Child protection is everyone’s responsibility. This policy applies to all staff, volunteers and visitors in the school. Our policy and procedures also apply to extended school and off-site activities.
All staff will read and understand part 1 and Annex A of the Department for Education’s statutory safeguarding guidance, Keeping Children Safe in Education, and review this guidance at least annually.
All staff will be aware of:
• Our systems which support safeguarding, including this child protection policy, the safeguarding policy, the encouraging positive behaviour policy, and the safeguarding response to children who go missing from education
• The early help process and their role in it, including identifying emerging problems, liaising with the DSL, and sharing information with other professionals to support early identification and assessment
• What to do if they identify a safeguarding issue or a child tells them they are being abused or neglected,including specific issues such as FGM, and how to maintain an appropriate level of confidentiality while liaising with relevant professionals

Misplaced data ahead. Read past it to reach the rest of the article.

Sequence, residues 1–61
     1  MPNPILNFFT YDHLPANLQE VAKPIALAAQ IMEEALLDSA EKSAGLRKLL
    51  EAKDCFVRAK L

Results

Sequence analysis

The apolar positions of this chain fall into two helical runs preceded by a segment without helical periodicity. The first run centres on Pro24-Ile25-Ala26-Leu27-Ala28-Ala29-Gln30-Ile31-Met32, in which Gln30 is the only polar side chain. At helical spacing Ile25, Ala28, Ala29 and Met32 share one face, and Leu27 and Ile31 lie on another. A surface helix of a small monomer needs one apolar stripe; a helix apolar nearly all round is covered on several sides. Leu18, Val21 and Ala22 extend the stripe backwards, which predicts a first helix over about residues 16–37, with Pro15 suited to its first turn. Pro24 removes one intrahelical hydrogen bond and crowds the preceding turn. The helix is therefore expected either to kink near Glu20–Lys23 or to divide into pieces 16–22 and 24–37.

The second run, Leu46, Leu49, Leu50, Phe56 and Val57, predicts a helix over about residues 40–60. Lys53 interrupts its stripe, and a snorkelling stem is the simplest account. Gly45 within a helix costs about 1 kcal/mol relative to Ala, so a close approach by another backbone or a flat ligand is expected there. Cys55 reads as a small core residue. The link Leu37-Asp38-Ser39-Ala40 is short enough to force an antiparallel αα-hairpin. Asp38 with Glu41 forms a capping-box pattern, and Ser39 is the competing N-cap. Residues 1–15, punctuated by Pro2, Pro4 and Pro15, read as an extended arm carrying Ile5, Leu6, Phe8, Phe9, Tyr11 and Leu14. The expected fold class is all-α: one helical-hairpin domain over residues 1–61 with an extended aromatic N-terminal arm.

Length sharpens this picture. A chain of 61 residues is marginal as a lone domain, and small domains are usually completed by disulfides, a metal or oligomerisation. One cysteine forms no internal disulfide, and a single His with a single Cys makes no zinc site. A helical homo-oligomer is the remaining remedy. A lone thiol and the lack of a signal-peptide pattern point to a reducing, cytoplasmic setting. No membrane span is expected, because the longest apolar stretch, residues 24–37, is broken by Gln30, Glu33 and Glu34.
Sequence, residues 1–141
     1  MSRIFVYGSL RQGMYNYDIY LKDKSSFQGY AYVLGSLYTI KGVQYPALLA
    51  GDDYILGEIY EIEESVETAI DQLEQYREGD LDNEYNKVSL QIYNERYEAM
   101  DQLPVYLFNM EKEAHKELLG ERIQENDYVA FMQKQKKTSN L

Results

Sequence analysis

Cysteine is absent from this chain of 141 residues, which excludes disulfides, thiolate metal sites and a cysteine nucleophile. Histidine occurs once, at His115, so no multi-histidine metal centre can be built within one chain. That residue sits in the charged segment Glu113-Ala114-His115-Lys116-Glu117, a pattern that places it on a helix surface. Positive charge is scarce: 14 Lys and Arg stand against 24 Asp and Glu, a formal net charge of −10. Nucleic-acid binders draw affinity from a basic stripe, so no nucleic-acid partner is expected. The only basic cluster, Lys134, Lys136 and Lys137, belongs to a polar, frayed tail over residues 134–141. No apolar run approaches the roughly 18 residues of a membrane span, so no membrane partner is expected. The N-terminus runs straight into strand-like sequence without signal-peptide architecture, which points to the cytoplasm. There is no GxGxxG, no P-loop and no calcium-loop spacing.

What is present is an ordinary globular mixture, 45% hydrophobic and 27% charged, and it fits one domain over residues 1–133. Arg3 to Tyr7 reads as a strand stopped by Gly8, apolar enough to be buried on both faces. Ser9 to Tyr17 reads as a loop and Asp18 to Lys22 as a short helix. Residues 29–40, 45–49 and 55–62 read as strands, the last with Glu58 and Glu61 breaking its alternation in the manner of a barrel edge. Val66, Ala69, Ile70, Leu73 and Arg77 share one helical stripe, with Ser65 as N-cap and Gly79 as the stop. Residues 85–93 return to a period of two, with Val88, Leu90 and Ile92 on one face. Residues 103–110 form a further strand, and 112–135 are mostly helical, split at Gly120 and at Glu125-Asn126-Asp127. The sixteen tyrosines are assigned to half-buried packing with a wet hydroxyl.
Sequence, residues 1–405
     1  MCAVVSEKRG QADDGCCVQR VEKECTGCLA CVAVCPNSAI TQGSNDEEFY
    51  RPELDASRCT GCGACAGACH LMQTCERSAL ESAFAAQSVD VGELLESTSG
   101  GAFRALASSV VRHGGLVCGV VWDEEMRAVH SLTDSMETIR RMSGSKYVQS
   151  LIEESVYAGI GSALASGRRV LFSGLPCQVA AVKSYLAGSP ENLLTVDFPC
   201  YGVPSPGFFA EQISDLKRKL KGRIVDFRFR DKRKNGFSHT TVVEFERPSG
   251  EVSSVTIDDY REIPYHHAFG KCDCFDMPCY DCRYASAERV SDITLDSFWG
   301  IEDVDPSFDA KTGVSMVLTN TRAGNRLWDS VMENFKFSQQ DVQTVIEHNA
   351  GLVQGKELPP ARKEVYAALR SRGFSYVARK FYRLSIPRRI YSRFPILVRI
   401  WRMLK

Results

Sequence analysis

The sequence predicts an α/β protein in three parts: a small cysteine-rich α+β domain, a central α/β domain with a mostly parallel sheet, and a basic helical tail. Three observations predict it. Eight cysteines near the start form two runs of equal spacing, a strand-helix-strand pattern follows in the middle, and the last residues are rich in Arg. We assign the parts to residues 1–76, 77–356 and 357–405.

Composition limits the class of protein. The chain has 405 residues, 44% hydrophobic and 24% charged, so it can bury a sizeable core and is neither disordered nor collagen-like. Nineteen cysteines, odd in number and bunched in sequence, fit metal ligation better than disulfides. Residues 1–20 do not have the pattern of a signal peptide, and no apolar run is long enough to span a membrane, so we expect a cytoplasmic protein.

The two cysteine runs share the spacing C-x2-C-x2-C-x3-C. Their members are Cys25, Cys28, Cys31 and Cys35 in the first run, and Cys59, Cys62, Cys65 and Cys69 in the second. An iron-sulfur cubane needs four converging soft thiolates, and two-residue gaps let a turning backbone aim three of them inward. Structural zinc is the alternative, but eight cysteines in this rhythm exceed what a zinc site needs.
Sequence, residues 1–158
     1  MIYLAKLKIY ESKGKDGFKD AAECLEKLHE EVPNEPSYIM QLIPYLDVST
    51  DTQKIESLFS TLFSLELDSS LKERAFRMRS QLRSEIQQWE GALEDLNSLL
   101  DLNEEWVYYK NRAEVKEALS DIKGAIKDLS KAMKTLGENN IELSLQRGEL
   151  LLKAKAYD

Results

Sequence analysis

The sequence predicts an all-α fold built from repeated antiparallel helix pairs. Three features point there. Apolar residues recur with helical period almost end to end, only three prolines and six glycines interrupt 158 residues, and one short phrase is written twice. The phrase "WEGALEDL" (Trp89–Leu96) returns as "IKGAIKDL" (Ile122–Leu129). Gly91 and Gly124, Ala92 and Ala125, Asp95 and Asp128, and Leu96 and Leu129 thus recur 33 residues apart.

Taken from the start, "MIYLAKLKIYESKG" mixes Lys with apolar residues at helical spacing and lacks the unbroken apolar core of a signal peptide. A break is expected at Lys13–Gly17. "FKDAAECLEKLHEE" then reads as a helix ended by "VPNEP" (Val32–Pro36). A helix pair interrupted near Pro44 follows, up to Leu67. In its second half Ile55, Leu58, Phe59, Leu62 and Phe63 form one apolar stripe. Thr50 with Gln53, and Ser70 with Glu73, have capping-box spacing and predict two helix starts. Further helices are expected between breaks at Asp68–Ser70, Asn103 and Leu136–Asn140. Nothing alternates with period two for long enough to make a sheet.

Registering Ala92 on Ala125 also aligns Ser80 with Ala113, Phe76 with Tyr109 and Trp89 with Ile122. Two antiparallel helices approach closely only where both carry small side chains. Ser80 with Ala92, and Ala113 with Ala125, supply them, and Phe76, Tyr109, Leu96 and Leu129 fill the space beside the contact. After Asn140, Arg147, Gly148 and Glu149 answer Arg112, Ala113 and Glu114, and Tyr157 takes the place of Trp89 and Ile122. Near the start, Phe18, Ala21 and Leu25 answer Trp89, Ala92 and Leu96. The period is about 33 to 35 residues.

• The signs of different types of abuse and neglect, as well as specific safeguarding issues, such as child sexual exploitation (CSE), FGM and radicalisation
The designated safeguarding lead (DSL)
The DSL is a member of the senior leadership team. Our DSL is Mrs Justyna Madziel. The DSL takes lead responsibility for child protection and wider safeguarding.
During term time, the DSL will be available during school hours for staff to discuss any safeguarding concerns.
The DSL will be given the time, funding, training, resources and support to:
• Provide advice and support to other staff on child welfare and child protection matters
• Take part in strategy discussions and inter-agency meetings and/or support other staff to do so
• Contribute to the assessment of children
• Refer suspected cases, as appropriate, to the relevant body (local authority children’s social care, Channel programme, Disclosure and Barring Service, and/or police), and support staff who make such referrals directly
The headteacher is responsible for the implementation of this policy, including:
• Ensuring that staff (including temporary staff) and volunteers are informed of our systems which support safeguarding, including this policy, as part of their induction
• Communicating this policy to parents when their child joins the school and via the school website
• Ensuring that the DSL has appropriate time, funding, training and resources, and that there is always adequate cover if the DSL is absent
• Ensuring that all staff undertake appropriate safeguarding and child protection training and update this regularly
• Acting as the ‘case manager’ in the event of an allegation of abuse made against another member of staff or volunteer, where appropriate